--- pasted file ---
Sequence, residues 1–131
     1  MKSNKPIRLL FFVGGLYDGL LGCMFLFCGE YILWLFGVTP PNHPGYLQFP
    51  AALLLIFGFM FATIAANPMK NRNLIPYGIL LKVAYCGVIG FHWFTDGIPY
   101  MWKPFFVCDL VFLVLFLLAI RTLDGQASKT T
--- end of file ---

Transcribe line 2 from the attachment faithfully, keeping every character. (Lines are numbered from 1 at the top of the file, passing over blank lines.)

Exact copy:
     1  MKSNKPIRLL FFVGGLYDGL LGCMFLFCGE YILWLFGVTP PNHPGYLQFP